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Voice of Real Australia: Young Guns hope to catch the bus to Alpurrurulam

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Lake Nash Young Guns AFL team.

Lake Nash Young Guns AFL team.

Alpurrurulam is a remote Indigenous community that lies on the Northern Territory side of the Queensland border.

Around 500 people live here in a town excised from the nearby Lake Nash pastoral station and many still know the township as Lake Nash.

Because it is some 1500 kilometres from the Territory capital Darwin it tends to look towards Queensland and Mount Isa in particular as the nearest population centre, some 300km away along the rough Sandover Highway.

Alpurrurulam is a dry community so many make the four-hour journey across bumpy and poorly maintained roads to get their grog.

But others have a healthier reason for making the trip each week.

Aussie Rules provides an important outlet for a community of few opportunities and entertainments and pride of place in the town goes to its footy team, the Lake Nash Young Guns.

They play an exciting brand of footy in the "marngrook" tradition.

Every evening in the season the town's red dirt oval is full of young players training, often barefoot or in socks.

The team plays in the Mount Isa AFL competition against the four Mount Isa-based clubs. All games are in Mount Isa which means an eight-hour return trip each week.

Players struggle to have food to provide them with the energy they need to get them through a full game of footy.

The team are lucky if they are able to hunt a kangaroo on the way into town as this will be their dinner Friday night before game day on Saturday.

Lake Nash Young Guns in action against the Mount Isa Tigers.

Lake Nash Young Guns in action against the Mount Isa Tigers.

There is a definite sense of "them and us" when they play a Mount Isa team and the action can be spiky on the field.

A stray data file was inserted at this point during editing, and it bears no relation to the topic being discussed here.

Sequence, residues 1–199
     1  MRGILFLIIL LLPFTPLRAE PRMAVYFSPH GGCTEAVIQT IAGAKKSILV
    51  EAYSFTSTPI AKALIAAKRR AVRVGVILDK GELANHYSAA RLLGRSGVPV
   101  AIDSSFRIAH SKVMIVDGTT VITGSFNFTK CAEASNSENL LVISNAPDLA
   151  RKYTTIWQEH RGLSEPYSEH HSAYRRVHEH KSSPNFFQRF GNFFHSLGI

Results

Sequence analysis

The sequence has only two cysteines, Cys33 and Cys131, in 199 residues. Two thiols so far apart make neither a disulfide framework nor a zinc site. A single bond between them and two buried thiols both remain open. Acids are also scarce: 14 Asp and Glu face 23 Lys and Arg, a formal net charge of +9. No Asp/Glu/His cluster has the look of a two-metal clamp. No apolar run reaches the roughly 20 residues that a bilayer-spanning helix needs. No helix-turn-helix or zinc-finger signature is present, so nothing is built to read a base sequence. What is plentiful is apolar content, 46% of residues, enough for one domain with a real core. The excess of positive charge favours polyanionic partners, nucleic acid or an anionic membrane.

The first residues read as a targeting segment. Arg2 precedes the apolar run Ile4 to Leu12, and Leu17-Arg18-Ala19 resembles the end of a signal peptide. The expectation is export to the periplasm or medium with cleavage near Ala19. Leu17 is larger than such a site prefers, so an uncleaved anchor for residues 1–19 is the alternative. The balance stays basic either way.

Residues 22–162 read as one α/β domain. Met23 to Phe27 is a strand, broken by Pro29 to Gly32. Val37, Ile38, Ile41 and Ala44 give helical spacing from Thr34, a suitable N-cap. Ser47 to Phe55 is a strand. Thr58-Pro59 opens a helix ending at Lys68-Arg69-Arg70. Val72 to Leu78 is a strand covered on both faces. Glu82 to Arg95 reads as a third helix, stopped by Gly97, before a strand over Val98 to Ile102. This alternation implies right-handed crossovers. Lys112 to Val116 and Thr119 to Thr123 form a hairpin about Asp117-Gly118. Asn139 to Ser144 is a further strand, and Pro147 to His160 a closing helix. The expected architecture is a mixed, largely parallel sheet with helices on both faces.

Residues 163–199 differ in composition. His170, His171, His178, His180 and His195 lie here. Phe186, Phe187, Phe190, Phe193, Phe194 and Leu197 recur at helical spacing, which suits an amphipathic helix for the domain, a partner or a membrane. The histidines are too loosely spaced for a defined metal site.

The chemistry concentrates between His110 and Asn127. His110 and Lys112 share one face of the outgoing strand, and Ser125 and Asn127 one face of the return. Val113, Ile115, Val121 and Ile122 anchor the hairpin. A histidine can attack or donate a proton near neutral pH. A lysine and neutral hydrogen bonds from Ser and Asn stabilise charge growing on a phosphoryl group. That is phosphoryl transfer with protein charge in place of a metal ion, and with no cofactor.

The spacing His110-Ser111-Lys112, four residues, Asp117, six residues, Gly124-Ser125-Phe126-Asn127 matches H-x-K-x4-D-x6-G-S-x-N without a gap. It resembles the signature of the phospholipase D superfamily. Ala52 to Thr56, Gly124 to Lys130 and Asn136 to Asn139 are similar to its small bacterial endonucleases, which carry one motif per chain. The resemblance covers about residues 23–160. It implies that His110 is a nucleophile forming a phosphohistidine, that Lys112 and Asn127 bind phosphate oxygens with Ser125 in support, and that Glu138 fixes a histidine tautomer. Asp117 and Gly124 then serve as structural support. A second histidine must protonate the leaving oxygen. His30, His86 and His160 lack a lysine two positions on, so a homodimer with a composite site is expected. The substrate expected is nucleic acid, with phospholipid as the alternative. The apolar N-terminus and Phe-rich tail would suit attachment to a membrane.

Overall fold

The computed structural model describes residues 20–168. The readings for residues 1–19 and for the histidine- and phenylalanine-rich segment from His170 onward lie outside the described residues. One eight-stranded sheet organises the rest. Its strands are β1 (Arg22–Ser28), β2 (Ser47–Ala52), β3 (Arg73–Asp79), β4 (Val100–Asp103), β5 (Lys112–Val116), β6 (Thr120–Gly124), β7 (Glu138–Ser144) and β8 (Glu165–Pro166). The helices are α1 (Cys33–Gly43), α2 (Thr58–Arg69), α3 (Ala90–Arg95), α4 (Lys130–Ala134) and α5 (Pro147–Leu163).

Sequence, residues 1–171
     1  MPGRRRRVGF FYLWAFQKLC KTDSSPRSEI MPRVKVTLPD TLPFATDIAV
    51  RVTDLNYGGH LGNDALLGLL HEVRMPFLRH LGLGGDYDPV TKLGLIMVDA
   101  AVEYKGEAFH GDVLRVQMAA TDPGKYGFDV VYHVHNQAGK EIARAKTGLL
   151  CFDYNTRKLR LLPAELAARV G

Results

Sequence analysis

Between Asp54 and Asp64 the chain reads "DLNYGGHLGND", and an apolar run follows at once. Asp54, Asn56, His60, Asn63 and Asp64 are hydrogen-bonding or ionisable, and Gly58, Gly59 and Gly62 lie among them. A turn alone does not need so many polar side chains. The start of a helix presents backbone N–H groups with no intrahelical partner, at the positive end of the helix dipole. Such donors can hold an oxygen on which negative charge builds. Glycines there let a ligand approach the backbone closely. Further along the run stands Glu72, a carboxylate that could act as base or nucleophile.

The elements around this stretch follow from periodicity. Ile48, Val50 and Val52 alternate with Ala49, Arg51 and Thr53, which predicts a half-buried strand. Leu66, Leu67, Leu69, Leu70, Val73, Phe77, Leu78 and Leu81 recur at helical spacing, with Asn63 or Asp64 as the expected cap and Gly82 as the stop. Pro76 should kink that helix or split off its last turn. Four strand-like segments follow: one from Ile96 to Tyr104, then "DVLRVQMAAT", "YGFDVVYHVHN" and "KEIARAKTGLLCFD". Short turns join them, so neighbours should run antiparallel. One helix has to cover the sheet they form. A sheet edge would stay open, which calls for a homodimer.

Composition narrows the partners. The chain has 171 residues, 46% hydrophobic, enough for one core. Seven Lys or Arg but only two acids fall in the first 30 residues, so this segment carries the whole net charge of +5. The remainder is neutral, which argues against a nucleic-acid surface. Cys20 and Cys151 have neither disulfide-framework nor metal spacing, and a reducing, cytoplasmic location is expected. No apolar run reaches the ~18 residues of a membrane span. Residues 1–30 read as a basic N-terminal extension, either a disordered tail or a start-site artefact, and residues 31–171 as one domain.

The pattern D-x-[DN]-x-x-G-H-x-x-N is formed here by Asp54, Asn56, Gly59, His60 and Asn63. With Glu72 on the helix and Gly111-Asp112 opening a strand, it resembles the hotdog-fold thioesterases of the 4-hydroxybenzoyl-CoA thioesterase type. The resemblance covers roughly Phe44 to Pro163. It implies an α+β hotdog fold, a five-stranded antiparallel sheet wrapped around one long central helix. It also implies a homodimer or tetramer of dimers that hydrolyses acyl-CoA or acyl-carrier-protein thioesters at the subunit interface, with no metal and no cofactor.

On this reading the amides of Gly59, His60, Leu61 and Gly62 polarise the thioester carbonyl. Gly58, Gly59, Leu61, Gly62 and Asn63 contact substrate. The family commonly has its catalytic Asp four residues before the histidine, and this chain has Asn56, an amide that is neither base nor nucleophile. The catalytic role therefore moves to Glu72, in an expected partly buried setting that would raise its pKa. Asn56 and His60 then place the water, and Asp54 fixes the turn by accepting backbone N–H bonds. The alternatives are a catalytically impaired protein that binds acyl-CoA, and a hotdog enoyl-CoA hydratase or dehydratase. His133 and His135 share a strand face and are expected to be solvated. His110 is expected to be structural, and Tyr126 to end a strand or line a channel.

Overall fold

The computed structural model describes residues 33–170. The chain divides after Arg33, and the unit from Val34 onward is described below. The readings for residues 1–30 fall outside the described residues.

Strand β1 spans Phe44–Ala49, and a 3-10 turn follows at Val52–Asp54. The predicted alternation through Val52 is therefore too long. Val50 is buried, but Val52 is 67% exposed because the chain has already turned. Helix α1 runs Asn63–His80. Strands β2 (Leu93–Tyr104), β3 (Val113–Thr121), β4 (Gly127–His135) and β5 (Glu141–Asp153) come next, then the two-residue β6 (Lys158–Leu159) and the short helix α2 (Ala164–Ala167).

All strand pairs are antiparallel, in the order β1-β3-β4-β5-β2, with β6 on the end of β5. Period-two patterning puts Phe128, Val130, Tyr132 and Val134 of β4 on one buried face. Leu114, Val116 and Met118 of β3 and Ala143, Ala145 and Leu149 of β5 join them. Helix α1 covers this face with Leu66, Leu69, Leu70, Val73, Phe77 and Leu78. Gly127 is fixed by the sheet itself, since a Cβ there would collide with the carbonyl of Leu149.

In 2019 Lake Nash was controversially banned from the 2020 season after on-field incidents including verbal abuse and fighting in two games, though the Territorians complained with some justification they were subject to racial abuse of their own.

The ban may have been a blessing in disguise as they would have struggled to make the 2020 season due to the pandemic and border closures.

Now they are back in 2021 but they have a problem to solve.

The team bus broke down many years ago so most weekends they use whatever cars are roadworthy to travel the 600km round trip, sometimes breaking down along the way.

Finding the fuel money, which exceeds $300 weekly, is something the team cannot afford and now they are seeking donations for a bus.

"The team's passion for footy keeps them fit, healthy and their mental health strong," the club said.

"The young men in this team train hard weekly and like to keep healthy and promote footy in the community as a way to help the younger generation to stay out of trouble, as living remote there is not many positive activities for youth in this part of outback Australia to participate in."

With the deaths in custody issue raising its ugly head again, here is a practical way to keep young Indigenous men healthy.

The Young Guns are desperately crying out for some government support in what is as far from a sports rort as could be imagined.

The AFL too should consider getting behind one of its most remote outposts.

If you want to help out, you can access the Young Guns' GoFundMe page here.

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